Community – Advanced Criminal Law [1.5]

When Chang threatens to fail the whole Spanish class because somebody cheated on a test, Britta owns up and ends up before a tribunal with her standing with the school on trial.  Meanwhile, Pierce convinces Annie to let him write a new school song, but he struggles with coming up with anything original.  Abed “messes” with Troy by nearly convincing him he’s an alien.  Jeff is able to defend Britta and allow her to remain a student.

Written by Andrew Guest • Directed by  Joe Russo
Previous Episode:  Social Psychology • Next Episode: Football, Feminism and You

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Cast Notes
This is the first of many appearances of Richard Erdman as Leonard.  He’s had a movie career that stretches back to the 1940’s.

This episode also marks the first credited appearance by Dino Stamatopoulos as Starburns.

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Comments
Advanced Criminal Law is quite a good episode of Community, and features the series’ trademark rapid-fire dialogue, pop-culture references, and mixture of serious and snarky approach to relationships and issues. I quite like the development in the friendship between Britta and Jeff, where we see how his constant sexual advances actually plays into her low self-esteem and self-loathing.  It’s the meaningful sort of observation that the show is good at making in the midst of its shenanigans.

That storyline also ends with the first genuine “Winger Speech,” as Jeff defends Britta with the inspired approach of saying she’s crazy, but really Greendale is the best place for crazy people.  You could say it’s actually the second Winger speech, but the one in Pilot is revealed to be manipulative and hypocritical, whereas here he seems to be sincere.

In the subplot department, the story of Abed “messing with” Troy to convince him he’s an alien is pretty funny, and full of some good moments.  I like it when Abed says his fake language is “probably Arabic,” and when Garrett suddenly comes running in as an alien, and Abed admits he went over-budget.  We see both Abed’s obsessive behavior and Troy’s gullibility.  We all know the Troy / Abed dynamic is one of the highlights of the series, and so it’s great to see it coming together here.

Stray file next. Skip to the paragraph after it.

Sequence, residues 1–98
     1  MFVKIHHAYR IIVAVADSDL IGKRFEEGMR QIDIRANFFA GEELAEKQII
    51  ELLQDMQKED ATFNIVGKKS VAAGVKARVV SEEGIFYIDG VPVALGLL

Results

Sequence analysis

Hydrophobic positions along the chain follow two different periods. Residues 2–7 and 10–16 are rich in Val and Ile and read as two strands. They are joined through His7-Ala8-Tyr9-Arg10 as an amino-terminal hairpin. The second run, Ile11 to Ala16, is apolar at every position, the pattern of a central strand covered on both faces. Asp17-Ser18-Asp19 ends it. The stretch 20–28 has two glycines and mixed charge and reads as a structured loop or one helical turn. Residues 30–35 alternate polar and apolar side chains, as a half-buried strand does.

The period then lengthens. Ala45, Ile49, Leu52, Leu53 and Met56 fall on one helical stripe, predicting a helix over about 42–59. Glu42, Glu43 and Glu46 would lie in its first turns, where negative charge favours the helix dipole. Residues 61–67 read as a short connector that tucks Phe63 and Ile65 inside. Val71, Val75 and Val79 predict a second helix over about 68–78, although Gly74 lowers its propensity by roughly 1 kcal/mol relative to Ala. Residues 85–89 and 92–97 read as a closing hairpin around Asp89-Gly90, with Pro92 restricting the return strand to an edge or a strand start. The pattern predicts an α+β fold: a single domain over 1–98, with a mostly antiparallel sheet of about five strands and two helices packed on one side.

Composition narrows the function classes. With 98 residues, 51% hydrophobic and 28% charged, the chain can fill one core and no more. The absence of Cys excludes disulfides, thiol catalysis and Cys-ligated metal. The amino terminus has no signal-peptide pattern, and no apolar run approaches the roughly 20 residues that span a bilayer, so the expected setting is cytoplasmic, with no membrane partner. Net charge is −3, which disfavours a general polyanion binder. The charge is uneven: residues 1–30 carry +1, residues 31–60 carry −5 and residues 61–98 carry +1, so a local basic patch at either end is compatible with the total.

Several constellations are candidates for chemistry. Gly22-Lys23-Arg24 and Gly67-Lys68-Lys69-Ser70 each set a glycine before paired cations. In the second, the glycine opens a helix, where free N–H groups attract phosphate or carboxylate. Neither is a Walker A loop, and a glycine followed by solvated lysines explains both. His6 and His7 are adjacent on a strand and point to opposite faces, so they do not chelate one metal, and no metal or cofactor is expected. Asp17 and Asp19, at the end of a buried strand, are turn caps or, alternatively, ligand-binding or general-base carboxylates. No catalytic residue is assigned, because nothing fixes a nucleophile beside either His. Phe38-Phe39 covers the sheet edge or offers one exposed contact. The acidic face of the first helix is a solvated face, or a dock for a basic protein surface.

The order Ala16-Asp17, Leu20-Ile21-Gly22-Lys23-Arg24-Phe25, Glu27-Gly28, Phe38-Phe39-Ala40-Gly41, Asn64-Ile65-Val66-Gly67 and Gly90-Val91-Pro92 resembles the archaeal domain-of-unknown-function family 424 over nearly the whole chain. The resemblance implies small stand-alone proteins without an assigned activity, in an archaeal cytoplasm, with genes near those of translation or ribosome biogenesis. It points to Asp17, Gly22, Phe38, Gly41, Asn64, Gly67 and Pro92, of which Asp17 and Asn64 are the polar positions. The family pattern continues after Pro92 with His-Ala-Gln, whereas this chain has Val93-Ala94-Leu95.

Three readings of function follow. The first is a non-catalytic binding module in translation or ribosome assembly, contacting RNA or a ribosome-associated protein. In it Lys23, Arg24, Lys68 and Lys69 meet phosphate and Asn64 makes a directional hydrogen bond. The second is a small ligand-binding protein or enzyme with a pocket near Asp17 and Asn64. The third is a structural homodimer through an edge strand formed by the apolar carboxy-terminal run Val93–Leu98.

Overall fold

Less interesting is the bit with Pierce writing the school song, I guess simply because Pierce was never a very likeable or interesting character.  His storylines are often my least favorite part of the show.  It’s nice to get to know Annie a bit more, though, as we see her a bit more of her perfectionism and determination to maintain her image.

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Pop-Culture Connection
There are many!  The episode is littered with references to M*A*S*H, Cheers, James Bond, Harry Potter, Danny Glover, Cate Blanchett, Billy Joel, Frost / Nixon, Bruce Hornsby, Jackée, Karate Kid, possibly Gilligan’s Island, and of course, Luiz Guzman.

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Meta-Qualities
Nothing really to speak of this time around.

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Getting to know Greendale
The Borchart Hall has contains the pool, which has a $6000 judges table.

There is now a statue of Luiz Guzman (himself a Greendale Alumni) in the courtyard.

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Familiar Faces
The Dean appears again, as does Professor Ian Duncan.

Leonard appears for the first time, and both Starburns and Garrett reappear.

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Key Developments
The Dean meets Britta, and possibly Jeff, for the first time.  There is also the first reference (still slightly veiled at this point) to his sexuality.  Also, he inserts the word “Dean” into his speech for the first time (“Dean you later!”)

Ian’s attraction to Britta is brought up for the first time.

Troy and Abed’s signature handshake makes its debut.